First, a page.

succumbing to peer pressure

Saturday, February 25, 2006

My afternoon as a liberal at the Annual Convention of the Georgia Association of College Republicans

First, why I attended this convention - I think about all the misconceptions I've heard about liberals and Democrats and what they stand for and what they believe and realize what a hypocrite I would be if I did not at least attempt a better understanding of what conservatives and Republicans honestly believe and stand for. I want to believe that it's possible that we (or at least, a majority of us) can find common ground with regard to the problems and challenges facing our country, and that debate about philosophical differences regarding the best solutions to those problems is possible. I know. Call me crazy.

The first two speakers were Ralph Reed and Casey Cagle, both candidates for Lieutenant Governor of GA. This started out generally ok. Both talked about their desire to make life better for Georgians and said nice, passionate things about how they didn't have to be state senators or representatives or Lt. Governor, but they wanted to be because they believed they could make a difference. That's a nice starting place, in my opinion. They said standard sorts of conservative policy things, about tax cuts and helping businesses create jobs and whatnot. I disagree with most of these things in general, but whatever, it takes all kinds, and this is fine. Reed veered off a bit into language I personally find a little scary, talking about how government is 'ordained to protect God given liberties.' He also claimed that unknown numbers of marriages and lives were saved because he opposed expansion of casino gambling, and prevented from opening or closed 8 illegal casinos. Well, government saving my marriage and my life...that sounds kind of a lot like the invasive, big government Republicans seem to dislike, doesn't it?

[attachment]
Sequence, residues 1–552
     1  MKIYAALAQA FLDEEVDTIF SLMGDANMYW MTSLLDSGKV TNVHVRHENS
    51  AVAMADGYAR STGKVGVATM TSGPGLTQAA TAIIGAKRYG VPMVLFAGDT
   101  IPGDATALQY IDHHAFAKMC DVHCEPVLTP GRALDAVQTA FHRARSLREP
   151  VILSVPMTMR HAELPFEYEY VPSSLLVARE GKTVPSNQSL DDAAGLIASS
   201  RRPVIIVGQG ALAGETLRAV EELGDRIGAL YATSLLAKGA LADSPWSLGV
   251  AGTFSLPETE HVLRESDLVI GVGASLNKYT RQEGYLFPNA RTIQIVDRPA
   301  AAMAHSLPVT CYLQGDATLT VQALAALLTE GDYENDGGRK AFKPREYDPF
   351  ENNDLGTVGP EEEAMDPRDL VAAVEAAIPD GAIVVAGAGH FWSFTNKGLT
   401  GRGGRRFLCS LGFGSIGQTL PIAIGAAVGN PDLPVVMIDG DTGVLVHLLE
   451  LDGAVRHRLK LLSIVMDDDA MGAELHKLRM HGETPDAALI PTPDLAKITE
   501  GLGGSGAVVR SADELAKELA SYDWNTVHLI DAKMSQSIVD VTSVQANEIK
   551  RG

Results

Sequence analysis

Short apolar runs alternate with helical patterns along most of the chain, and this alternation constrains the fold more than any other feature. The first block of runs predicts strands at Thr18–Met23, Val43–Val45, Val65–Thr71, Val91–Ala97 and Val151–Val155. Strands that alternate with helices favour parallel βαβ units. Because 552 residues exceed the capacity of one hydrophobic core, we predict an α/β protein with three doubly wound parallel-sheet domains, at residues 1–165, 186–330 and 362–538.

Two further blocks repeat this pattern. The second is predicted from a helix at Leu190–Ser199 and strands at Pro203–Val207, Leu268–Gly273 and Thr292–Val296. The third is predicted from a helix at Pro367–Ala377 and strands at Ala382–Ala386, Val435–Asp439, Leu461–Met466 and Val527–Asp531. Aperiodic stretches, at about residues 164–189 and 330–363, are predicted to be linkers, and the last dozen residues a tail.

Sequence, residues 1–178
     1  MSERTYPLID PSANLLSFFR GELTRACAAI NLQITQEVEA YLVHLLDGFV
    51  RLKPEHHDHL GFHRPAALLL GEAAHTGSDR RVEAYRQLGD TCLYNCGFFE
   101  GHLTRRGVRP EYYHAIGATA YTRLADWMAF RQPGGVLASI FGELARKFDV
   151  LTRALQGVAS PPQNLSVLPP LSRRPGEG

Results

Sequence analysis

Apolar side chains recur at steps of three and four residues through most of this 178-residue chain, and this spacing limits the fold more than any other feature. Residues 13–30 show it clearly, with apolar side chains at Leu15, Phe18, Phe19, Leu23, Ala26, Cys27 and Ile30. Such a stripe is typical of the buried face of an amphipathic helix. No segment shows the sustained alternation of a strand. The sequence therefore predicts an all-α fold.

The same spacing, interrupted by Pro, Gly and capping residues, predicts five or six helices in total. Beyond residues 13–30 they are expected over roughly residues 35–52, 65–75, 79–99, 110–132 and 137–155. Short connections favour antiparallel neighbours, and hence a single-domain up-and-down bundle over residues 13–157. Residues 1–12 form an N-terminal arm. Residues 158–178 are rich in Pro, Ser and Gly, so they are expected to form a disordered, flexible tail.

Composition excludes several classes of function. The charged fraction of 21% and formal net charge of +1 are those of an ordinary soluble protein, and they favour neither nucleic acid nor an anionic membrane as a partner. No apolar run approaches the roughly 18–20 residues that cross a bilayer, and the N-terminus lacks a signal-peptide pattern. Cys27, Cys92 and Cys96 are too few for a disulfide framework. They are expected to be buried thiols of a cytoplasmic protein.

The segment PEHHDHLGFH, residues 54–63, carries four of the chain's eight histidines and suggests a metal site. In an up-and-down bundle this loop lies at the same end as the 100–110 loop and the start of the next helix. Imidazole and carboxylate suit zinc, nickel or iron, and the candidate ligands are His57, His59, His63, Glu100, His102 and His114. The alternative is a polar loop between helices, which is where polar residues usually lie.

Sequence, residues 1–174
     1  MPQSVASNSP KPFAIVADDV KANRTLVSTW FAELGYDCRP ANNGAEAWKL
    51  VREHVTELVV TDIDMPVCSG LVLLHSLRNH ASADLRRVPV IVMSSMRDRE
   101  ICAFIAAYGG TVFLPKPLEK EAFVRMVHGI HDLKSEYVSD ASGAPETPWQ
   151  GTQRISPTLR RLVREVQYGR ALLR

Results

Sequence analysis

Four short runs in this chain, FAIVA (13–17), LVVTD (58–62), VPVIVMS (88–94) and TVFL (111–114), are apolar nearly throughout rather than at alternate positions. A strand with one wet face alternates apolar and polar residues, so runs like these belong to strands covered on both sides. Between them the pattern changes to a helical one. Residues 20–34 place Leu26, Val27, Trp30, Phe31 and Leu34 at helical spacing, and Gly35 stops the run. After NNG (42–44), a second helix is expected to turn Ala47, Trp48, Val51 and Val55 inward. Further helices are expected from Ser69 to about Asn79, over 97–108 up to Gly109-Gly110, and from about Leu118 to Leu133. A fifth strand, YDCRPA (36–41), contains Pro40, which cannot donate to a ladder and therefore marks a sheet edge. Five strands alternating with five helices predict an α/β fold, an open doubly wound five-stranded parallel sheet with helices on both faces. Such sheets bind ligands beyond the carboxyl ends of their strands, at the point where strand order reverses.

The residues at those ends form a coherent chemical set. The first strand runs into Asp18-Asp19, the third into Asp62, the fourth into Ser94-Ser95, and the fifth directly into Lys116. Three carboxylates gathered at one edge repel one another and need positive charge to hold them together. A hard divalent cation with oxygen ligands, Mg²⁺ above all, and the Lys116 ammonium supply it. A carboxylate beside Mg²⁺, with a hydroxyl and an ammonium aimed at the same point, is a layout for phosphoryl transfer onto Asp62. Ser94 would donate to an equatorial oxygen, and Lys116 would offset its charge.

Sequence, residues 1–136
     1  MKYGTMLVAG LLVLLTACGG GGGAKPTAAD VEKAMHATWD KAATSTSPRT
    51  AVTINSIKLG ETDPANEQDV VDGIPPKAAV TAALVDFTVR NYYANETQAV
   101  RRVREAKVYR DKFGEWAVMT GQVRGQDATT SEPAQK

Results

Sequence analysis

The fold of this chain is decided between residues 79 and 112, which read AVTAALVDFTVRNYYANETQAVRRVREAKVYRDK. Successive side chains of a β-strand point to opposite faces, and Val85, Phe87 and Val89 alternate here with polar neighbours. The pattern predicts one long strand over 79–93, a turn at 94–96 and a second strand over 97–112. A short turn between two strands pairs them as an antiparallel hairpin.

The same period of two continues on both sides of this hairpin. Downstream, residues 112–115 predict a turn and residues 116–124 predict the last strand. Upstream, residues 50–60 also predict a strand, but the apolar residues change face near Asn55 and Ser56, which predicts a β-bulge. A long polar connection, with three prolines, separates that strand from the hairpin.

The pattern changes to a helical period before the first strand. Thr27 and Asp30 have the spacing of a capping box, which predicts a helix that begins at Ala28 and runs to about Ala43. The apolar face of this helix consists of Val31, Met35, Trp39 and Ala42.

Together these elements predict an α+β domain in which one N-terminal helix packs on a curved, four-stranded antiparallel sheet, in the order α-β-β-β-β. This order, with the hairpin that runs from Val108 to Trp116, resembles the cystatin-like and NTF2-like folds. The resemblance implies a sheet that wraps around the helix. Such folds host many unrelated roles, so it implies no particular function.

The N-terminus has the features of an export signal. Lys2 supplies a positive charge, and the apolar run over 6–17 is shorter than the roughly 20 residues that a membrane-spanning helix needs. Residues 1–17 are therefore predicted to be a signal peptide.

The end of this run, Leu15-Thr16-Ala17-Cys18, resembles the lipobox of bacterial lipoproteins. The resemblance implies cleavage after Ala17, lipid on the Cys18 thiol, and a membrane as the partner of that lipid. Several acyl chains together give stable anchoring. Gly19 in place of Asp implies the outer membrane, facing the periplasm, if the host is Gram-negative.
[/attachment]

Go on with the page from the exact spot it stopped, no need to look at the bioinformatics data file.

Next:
Cagle also referenced God, saying he prayed about the decision to run for Lt. Governor. Again, religious language in politics creeps me out, but it's their thing, if they want to wear it on their sleeve that's their right (as long as that sleeve doesn't drip into state policies, which unfortunately in GA, it inevitably does). Cagle said some seemingly reasonable things about reducing the government bureaucracy that ties public teachers' hands and makes it difficult if not impossible to structure their curriculum around what works best for individual children. Then he praised the No Child Left Behind Act, which is essentially the definition of government bureaucracy.